What I didn’t learn in youth group

I was sent an email by a pastor that included an article from CNN. Here are the story highlights:


  • More teenagers embracing watered-down Christianity
  • Teenagers see God as “divine therapist”
  • Teenager: “They don’t want to make sacrifices”
  • Who’s responsible for inspiring teens? Parents and pastors are

These are my thoughts:

I can relate to this article when interacting with young people (teens and early twenties), seeing so many that are unable to really talk about who and where GOD is. I blame parent’s ignorance mostly, in that they were lulled to sleep by their parents. I blame the American Church as well for remaining a “safe place” for everyone to be. It’s a tough challenge to weigh grace against the call to “go and make disciples”.

As for youth groups, they grossly fail to resemble anything close to living by faith (as they follow closely behind the church model). Is the youth group a safe place for teens to talk freely about their faith and lay hard-to-handle issues on the table? Or is it rather that “fun” thing you do one evening each week? My own children push to go when they are going to serve in the community, yet  hem and haw when asked about attending a youth group function where they play games and have a “quick lesson”.

The other hilarity about youth groups is that a young person (usually a male) “leads” the group. Why? Is this man capable of truly understanding the inner workings of a teenager? Yes, he is probably not far from a teenager himself, but doesn’t that just help him relate to the problem better than understanding how to talk about it from the perspective of an adult who is raising/has raised Godly teens?

And then we can address the issues of relationships (dating, “how far can I go?”), which I personally believe that most leaders adopt from their ideas from public school because most youth groups are “public school” in church form anyway. How is it that we expect a near stranger to address issues of sexual tension, building healthy friendships, and other such relational matters when so little is openly discussed in the home?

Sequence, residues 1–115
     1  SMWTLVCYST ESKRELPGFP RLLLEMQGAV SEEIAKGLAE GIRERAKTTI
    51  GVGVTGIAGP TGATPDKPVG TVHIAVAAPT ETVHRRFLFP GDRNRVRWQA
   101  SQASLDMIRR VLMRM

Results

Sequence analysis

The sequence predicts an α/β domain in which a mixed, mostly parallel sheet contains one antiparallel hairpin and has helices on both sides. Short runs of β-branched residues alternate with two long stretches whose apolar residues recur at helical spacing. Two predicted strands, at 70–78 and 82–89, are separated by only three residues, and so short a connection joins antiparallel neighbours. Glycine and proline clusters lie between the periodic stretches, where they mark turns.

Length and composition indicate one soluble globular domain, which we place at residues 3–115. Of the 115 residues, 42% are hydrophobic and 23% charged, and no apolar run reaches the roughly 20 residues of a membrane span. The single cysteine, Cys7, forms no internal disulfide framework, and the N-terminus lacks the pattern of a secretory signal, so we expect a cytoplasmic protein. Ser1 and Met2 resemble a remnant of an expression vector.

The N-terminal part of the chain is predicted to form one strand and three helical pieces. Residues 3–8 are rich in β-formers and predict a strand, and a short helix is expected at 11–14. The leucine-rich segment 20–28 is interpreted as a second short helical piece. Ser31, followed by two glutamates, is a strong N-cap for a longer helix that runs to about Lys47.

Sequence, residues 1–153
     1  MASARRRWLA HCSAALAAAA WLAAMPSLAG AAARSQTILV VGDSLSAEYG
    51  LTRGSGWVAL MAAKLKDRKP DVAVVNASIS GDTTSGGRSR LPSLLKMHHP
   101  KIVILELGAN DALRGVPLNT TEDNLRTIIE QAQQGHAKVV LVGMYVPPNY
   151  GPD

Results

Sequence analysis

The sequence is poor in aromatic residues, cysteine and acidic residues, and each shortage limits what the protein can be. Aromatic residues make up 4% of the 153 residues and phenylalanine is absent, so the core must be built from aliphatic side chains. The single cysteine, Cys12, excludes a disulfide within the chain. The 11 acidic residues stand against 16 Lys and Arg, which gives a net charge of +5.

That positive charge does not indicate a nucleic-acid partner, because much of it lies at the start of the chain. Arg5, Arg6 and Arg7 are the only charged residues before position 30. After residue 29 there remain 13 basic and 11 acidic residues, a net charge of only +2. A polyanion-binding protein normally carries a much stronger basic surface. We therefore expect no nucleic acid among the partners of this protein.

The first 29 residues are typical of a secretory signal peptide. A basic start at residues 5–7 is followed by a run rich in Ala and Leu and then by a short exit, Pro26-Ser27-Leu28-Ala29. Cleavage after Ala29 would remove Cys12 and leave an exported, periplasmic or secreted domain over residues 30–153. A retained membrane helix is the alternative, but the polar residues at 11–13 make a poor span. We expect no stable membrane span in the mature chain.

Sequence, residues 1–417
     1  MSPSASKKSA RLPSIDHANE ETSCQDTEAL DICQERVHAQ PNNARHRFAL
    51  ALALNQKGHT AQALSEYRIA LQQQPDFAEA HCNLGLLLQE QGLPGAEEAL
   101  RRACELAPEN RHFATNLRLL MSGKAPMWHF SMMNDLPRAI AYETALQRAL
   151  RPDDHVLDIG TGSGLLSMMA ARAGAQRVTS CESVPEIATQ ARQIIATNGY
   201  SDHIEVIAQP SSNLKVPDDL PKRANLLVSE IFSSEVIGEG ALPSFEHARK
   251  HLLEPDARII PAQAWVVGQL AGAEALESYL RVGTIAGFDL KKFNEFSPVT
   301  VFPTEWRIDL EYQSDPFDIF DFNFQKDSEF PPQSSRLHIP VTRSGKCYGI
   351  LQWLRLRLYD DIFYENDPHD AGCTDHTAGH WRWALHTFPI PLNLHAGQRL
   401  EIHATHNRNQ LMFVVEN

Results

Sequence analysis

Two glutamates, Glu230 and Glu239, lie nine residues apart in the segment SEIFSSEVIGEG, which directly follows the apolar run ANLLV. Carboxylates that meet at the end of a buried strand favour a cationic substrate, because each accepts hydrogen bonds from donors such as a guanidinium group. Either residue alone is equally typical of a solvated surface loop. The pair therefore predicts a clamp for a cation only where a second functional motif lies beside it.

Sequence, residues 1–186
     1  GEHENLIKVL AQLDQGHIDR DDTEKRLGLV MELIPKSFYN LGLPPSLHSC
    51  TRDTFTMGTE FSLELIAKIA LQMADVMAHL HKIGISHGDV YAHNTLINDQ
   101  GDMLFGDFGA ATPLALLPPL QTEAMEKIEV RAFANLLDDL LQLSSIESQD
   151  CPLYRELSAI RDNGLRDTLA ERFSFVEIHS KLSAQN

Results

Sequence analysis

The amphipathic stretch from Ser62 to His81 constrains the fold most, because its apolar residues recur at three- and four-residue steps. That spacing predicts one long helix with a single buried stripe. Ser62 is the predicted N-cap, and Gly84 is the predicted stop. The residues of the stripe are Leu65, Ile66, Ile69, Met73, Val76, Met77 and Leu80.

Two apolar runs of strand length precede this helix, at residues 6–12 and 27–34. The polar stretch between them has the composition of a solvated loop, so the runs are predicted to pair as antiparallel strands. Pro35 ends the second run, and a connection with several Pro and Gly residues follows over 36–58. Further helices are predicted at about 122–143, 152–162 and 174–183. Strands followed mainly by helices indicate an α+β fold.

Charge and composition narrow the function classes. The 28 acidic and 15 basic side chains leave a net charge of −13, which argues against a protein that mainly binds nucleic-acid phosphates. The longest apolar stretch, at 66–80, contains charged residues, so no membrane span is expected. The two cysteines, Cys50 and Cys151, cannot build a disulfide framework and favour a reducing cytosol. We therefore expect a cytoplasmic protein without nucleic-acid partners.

NOTE: This isn’t a home school vs. public school point. I have been through the public school system and home schooled my children, as well as attended youth group my entire teenage life, even into adulthood as a counselor/leader; therefore, I know quite well what the “system” looks like as opposed to a “family-centered” function.

The young people today are disconnected by virtue of our society – it’s demands and subtle teachings. The idea that another person (i.e. youth leader) will provide our children true Biblical guidance apart from the family is absurd. Christian education and faith-building starts in the home – period. I believe that when parents fail, the church youth group will probably not succeed – at least not in the state the American Church is in today. Rather it offers a listening ear, much like a school counselor. How is this a help when the rest of the youth group functions focus on petty issues and fun? It only leaves an empty and shallow feeling.